Accounting Ethics

Thursday July 28, 2022

Accounting Ethics

November 29, 2016

Assignment for ACCT 430-Fall 2016—Paper #2

(1) Upload an electronic copy (word or pdf) to Bb (your professor specific Bb account). Be sure to include your name and section time on the electronic document. You do not need to include the cover sheet with the document uploaded to Bb.

The paper uplink is located in the Content section and will be uploaded using Turnitin. If necessary, use the following link for help using Turnitin:
(2) Bring a printed copy to your enrolled section class on November 30, 2016. The printed copy must include a cover sheet. I the vent that you are unable to attend class on November 30th, you may leave your printed copy in your professor’s mailbox (lobby of the Accounting Building) prior to 10:00 am on November 30th:

All papers must include a cover sheet which includes your name and your discussion section.
Papers must be typed, double spaced and printed on one side only.
There is no required format and no required minimum or maximum number of pages of your paper. The format and length of your paper should be as you consider necessary to professionally present your considerations and conclusions to the assignment questions. Your paper should include references to any of the models, tools, or codes you use for your analysis.
The assignment is an individual effort – each student should prepare and submit a paper representing his or her own analysis and conclusions. 2

Paper #2 Assignment [Choose One of the Following Options]:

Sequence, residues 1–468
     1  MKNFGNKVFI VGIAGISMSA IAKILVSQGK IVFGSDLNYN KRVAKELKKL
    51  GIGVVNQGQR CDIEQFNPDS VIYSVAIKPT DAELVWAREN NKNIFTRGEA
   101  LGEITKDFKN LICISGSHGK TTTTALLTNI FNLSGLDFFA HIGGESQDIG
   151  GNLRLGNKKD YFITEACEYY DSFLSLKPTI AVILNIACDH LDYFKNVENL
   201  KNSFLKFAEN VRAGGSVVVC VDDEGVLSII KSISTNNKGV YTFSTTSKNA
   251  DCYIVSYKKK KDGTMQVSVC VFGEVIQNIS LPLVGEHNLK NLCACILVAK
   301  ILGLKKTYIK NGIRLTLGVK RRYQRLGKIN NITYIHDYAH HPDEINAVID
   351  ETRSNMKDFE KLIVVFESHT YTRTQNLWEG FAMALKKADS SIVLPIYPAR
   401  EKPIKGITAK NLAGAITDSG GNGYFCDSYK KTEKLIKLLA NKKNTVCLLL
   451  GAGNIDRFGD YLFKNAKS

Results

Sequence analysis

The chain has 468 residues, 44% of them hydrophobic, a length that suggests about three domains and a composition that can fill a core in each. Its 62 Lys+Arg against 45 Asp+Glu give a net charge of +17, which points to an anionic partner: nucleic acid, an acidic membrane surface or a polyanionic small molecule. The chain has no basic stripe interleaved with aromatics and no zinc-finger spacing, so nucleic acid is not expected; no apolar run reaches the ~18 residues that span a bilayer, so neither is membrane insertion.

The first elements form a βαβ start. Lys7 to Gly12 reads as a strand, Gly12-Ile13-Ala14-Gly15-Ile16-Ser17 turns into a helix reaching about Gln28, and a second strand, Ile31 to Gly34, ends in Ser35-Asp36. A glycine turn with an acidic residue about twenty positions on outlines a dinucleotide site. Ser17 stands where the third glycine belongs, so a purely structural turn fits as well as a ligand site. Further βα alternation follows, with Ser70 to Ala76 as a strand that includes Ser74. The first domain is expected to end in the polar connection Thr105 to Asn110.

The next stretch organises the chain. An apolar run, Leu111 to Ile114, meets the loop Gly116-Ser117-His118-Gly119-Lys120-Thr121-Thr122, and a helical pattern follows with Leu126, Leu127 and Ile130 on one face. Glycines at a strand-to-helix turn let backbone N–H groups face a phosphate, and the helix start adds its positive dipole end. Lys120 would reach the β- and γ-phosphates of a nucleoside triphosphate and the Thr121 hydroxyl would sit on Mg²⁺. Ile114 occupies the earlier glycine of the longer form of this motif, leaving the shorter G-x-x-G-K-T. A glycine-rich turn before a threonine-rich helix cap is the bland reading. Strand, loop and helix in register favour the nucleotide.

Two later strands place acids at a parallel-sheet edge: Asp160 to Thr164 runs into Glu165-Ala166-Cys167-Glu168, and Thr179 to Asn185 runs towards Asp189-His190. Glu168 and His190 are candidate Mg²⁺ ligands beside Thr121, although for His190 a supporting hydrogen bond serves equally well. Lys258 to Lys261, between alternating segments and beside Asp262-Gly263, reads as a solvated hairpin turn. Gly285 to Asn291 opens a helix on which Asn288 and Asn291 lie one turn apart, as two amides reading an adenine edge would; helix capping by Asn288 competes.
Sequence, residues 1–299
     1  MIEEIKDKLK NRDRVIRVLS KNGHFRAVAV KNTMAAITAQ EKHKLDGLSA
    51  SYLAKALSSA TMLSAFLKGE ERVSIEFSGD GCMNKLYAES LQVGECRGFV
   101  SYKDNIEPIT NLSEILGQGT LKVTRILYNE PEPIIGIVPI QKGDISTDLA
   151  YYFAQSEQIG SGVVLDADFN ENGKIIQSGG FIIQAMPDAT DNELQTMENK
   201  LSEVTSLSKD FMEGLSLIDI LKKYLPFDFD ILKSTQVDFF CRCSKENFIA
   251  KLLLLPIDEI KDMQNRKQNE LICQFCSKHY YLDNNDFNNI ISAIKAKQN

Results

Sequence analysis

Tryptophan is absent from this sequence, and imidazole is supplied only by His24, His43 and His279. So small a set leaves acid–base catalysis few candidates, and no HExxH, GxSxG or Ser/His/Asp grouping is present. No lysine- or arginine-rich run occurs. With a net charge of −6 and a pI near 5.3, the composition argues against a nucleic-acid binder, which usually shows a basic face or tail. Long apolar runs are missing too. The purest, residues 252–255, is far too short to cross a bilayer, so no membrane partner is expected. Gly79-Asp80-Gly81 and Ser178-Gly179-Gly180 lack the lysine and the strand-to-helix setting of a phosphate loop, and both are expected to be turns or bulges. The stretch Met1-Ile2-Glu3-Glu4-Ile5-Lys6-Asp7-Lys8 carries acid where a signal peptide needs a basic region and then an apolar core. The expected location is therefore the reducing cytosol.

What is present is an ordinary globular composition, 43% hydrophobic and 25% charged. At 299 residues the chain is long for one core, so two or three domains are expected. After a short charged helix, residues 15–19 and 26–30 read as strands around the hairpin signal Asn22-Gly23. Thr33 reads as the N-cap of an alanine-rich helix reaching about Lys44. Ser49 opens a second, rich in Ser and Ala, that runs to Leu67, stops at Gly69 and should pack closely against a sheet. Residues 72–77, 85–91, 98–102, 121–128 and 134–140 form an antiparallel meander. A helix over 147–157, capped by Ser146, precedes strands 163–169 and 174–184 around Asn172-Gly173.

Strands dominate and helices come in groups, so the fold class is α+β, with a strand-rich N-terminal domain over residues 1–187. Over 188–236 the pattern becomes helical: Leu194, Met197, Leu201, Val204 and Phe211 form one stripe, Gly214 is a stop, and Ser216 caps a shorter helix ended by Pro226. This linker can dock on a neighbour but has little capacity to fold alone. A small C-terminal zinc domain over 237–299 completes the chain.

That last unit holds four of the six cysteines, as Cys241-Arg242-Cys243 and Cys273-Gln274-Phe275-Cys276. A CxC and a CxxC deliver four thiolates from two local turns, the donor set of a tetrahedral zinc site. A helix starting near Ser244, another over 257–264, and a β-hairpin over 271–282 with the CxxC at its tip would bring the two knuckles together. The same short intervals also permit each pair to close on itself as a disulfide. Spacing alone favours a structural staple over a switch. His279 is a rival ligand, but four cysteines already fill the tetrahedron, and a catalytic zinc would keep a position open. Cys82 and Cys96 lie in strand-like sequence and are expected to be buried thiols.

1. Study in depth the case of HealthSouth, using class materials, and any other research you wish to use. Consider the position of Aaron Beam, the CFO in the mid-1990’s, when the fraud began. Consider carefully also the character of Richard Scrushy, the founding CEO, and a man that Beam understood as extremely volatile, with firearms in his office. Put yourself in the place of Aaron Beam in the days immediately following Scrushy’s demand that Beam cook the books, just before the close of the quarter. Following the methods we have used in class, write a paper in which you do the following:

a. Analyze the ethics of the decision Aaron Beam is considering, using the 7-step decision-making model, and at least two ethical frameworks.

b. In retrospect, Aaron Beam now says and apparently believes the he should have said “no” to Richard Scrushy, despite the fact that he says he feared for his life at the time. Considering the GVV curriculum, what enablers could Aaron Beam have cultivated, and what disablers did he need to disarm, in order to actually say No to Scrushy?

c. Craft a scenario that plausibly allows Aaron Beam to have said No to Richard Scrushy—again, taking seriously the fact that he feared for his life. Whom should he have met with? When? Under what circumstances? And what should he have said?

2. Using the accompanying case entitled “Carney Textile Company”:
a. Describe the accounting, operational and ethical issues of the case
b. Develop alternatives to be presented to Carney and discuss the pros and cons of each alternative